Magic Mushrooms as Medicine?????

Hannah Grine, Health & Relationships

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Can psychedelics be used for medicinal purposes? John Hopkins has launched a center for psychedelic research. The center is believed to be the first and largest of its kind. They will use psychedelics or psilocybin to study the mind and identify therapies for diseases such as addiction, PTSD, and Alzheimers. 

What are psychedelics? Psychedelics and are a class of drugs that produce unique and profound changes of consciousness over the course of several hours. A psilocybin mushroom is one of a polyphyletic group of fungi that contain any of various psychedelic compounds, including psilocybin, psilocin, and baeocystin. Common terms for psilocybin mushrooms include psychedelic mushrooms, booms, magic mushrooms, shrooms, and mush.

Johns Hopkins was an American entrepreneur, abolitionist and philanthropist of the 19th century that lived in Baltimore, Maryland. He founded numerous institutions bearing his name, most notably, Johns Hopkins Hospital and Johns Hopkins University. The man directing the study of psilocybin and psychedelics as medicine is Roland Griffiths. Griffiths is a professor in the Departments of Psychiatry and Neuro Sciences at the Johns Hopkins University of Medicine. “The center’s new establishment reflects a new era or research in therapeutics and the mind through studying this unique and remarkable class of pharmacological compounds” said Roland Griffiths.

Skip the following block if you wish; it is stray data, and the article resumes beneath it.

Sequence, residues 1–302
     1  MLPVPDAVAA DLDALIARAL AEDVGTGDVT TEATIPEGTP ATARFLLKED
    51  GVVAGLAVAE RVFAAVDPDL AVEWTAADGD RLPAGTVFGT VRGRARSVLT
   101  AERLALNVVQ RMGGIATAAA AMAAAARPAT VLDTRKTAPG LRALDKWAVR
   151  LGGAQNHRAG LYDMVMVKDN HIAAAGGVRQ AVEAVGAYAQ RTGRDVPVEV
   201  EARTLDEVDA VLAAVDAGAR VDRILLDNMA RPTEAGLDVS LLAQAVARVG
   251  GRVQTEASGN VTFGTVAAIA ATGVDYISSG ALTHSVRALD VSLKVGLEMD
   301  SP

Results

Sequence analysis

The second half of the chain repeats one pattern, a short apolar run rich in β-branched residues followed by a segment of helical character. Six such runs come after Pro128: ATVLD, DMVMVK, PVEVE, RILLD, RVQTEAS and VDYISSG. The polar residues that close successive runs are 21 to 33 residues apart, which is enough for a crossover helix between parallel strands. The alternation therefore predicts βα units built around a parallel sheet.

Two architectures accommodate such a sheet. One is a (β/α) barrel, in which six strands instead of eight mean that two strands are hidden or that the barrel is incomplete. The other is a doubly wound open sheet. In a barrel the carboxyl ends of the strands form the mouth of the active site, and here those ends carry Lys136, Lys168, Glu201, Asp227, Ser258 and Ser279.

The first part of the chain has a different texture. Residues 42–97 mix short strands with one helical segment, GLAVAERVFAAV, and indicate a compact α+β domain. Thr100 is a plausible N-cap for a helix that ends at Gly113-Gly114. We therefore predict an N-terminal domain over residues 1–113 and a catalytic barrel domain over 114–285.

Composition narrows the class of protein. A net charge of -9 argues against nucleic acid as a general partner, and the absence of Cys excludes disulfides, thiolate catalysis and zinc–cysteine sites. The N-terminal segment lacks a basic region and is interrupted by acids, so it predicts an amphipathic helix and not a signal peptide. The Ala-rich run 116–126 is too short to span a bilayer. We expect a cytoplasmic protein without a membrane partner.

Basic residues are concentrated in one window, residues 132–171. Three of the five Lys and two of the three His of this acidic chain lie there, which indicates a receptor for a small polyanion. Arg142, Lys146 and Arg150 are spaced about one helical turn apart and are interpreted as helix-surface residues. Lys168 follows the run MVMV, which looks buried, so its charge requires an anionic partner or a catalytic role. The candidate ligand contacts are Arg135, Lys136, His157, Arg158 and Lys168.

How will psilocybin and psychedelics be used as medicine? Psilocybin produces substantial and sustained decreases in depression and anxiety in patients with life-threatening cancer, it was a randomized double-blind trial. Further studies will determine the chemicals’ effectiveness as a new therapy for opioid addiction, Alzheimer’s disease, post-traumatic stress disorder, post treatment Lyme disease syndrome (formerly known as chronic Lyme disease), anorexia nervosa, alcohol use in people with major depression, treatment of cigarette smoking cessation, and treatment of major depression. The effects of the classic psychedelic psilocybin that includes studies in healthy volunteers, in beginning and long-term mediators, and in religious leaders.

The drugs’ history of abuse and the still thin evidence base have kept the field largely on the fringes and many experts are still wary. Psychedelic trials cannot be “blinded” in the same way most drug trials are: participants know when they have been dosed, and reports of improvement aren’t standardized yet.

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